In August 2021, acclaimed historian Gerald Horne was awarded the American Book Award by the Before Columbus Foundation for his book, The Dawning of the Apocalypse: The Roots of Slavery, White Supremacy, Settler Colonialism, and Capitalism in the Long Sixteenth Century (Monthly Review Press, 2020). Horne is John J. and Rebecca Moores Professor of African-American History at the University of Houston, and the author of more than three dozen books along with more than a hundred scholarly articles and reviews. His other books published by Monthly Review Press include Race to Revolution: The U.S. and Cuba During Slavery and Jim Crow (2014); Confronting Black Jacobins: The United States, the Haitian Revolution, and the Origins of the Dominican Republic (2015); The Apocalypse of Settler Colonialism: The Roots of Slavery, White Supremacy and Capitalism in Seventeenth Century North America and the Caribbean (2018); and Jazz and Justice: Racism and the Political Economy of Music (2019). He is currently working on a book titled The Counterrevolution of 1836. Since 1978, the Before Columbus Foundation, which is dedicated to recognizing the full multicultural diversity of U.S. literature, has given out the American Book Award to authors who in the judgment of a panel of editors, authors, and publishers have provided an “outstanding contribution to American literature.”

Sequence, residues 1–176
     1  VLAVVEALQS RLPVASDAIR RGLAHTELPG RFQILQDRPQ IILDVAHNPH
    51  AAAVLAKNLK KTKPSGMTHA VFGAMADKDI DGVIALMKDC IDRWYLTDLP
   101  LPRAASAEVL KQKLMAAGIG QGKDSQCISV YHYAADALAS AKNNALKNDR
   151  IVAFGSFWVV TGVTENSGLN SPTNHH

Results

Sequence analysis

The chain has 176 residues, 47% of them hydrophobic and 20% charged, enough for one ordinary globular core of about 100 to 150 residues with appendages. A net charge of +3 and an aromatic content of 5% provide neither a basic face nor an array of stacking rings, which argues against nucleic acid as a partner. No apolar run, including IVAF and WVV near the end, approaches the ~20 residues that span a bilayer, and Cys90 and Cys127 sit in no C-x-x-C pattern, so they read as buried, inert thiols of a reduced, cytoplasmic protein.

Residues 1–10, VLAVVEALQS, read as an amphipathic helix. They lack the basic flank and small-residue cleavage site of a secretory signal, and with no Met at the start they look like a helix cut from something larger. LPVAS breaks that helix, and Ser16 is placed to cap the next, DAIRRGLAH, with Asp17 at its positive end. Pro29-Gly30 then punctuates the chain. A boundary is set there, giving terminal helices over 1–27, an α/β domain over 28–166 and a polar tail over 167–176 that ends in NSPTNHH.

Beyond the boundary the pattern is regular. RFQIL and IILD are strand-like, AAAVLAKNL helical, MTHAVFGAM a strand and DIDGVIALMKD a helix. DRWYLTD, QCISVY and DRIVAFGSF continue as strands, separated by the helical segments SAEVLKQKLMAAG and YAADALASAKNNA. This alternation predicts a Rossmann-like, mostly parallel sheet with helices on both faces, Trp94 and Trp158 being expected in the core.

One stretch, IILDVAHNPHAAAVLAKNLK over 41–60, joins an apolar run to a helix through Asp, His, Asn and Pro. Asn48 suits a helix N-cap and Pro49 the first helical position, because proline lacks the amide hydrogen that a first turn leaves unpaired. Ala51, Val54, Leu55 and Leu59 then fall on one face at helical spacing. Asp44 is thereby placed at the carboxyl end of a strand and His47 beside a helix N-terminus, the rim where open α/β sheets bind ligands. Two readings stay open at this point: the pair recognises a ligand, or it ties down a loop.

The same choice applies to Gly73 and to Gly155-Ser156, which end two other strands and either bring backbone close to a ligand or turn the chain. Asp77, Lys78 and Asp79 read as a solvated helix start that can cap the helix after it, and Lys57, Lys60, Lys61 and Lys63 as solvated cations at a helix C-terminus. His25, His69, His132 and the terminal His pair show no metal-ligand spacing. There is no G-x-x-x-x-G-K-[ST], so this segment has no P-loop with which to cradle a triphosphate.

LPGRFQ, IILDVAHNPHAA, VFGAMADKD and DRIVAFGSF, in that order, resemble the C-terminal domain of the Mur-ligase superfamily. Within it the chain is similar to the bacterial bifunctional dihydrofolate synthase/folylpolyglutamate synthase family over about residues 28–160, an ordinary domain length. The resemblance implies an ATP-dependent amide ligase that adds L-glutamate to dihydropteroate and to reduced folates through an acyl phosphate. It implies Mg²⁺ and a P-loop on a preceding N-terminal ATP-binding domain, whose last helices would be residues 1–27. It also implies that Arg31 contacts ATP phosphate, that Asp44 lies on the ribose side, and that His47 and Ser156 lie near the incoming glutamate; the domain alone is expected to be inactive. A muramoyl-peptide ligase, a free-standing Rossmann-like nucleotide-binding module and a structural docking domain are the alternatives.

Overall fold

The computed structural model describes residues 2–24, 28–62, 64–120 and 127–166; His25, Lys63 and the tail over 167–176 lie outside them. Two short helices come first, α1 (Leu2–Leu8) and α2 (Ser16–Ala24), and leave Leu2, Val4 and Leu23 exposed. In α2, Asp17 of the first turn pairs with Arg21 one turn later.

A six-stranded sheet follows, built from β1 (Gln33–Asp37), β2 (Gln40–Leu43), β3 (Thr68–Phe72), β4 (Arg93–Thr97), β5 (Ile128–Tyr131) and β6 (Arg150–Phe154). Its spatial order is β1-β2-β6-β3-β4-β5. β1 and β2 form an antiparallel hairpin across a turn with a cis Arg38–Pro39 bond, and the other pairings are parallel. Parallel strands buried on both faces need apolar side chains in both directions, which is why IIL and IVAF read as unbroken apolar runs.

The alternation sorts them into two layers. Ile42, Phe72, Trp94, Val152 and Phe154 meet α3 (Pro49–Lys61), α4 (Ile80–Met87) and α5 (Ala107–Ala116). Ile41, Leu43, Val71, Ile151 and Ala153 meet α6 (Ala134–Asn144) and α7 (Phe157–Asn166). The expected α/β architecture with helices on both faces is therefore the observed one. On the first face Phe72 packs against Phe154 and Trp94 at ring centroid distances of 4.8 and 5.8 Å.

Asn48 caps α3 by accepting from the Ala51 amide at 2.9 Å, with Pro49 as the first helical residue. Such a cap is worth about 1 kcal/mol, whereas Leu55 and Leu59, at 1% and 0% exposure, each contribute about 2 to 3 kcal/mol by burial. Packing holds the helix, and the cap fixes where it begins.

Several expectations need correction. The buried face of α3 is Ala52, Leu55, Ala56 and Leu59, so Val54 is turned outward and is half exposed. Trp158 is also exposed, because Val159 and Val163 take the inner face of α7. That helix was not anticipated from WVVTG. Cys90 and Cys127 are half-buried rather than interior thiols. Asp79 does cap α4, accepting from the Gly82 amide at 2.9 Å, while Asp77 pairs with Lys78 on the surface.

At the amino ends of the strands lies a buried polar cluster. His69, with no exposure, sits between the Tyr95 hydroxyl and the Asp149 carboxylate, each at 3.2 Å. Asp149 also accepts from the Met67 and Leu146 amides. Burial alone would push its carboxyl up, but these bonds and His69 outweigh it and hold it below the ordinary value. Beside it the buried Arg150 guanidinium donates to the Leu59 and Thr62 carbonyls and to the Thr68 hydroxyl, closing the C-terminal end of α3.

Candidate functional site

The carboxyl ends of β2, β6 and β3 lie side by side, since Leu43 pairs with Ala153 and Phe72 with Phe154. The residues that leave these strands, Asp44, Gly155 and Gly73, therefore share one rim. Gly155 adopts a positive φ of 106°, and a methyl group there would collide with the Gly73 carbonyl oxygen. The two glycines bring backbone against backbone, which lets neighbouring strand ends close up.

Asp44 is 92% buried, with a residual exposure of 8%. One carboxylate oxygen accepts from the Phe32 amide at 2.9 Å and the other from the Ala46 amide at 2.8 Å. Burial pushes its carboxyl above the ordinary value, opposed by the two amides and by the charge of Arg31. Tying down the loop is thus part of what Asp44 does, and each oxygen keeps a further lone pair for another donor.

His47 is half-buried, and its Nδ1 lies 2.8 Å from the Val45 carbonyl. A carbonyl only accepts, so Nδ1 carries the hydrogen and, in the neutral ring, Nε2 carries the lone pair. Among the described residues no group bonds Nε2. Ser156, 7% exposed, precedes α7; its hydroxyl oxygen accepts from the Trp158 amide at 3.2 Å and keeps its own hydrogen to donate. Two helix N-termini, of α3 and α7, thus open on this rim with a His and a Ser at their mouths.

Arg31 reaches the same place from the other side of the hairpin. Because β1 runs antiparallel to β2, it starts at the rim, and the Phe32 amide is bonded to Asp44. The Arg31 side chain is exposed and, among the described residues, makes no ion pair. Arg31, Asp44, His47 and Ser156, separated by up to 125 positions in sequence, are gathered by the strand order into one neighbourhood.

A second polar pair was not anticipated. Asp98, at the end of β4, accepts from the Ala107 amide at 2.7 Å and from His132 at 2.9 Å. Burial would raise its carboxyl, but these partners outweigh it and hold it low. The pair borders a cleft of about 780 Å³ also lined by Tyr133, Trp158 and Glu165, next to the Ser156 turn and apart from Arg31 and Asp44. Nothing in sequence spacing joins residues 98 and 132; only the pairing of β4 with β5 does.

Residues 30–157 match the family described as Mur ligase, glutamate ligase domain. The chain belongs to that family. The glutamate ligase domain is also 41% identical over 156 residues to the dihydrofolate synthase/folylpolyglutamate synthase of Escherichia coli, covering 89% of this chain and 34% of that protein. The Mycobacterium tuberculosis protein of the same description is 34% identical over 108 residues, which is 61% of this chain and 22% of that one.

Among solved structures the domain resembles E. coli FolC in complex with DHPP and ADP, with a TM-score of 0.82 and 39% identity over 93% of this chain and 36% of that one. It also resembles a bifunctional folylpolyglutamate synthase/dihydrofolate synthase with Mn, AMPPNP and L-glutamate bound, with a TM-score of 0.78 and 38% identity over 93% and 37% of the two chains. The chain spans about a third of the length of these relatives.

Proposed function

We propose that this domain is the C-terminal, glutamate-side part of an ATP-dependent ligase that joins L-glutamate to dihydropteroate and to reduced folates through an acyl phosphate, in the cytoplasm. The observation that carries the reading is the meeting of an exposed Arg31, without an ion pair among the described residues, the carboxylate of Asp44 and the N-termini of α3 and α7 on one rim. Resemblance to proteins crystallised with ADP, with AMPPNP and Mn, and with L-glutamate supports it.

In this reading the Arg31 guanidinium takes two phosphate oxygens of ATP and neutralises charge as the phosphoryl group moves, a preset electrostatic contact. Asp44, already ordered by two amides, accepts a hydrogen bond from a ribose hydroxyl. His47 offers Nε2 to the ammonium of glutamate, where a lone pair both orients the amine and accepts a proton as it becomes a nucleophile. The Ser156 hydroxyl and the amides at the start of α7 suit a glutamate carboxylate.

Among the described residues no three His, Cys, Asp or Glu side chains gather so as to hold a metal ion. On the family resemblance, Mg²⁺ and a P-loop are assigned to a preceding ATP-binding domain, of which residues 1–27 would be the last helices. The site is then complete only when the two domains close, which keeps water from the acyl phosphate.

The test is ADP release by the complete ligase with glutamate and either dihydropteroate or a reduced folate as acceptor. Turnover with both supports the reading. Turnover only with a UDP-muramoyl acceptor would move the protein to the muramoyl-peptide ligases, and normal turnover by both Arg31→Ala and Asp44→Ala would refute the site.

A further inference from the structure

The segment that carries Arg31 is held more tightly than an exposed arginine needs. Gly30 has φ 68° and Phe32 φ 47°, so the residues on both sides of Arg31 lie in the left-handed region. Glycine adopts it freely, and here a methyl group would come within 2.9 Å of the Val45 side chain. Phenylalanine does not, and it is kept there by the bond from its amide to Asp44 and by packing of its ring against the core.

Horne’s American Book Award acceptance on December 19, 2021, can be found on the Monthly Review Press web page. In his speech, he thanked the Before Columbus Foundation not only for giving the American Book Award to The Dawning of the Apocalypse, but also for its recognition of “the intellectual tradition from which I sprang,” namely the Black Freedom Movement in the United States. He traced these intellectual roots back to David Walker’s Appeal to the Coloured Citizens of the World (1829), and a century later to W. E. B. Du Bois’s Black Reconstruction (1935). He also acknowledged the pivotal role of Indigenous thought, and particularly the recent work of MR contributor Roxanne Dunbar-Ortiz, author of An Indigenous Peoples’ History of the United States (Beacon, 2015).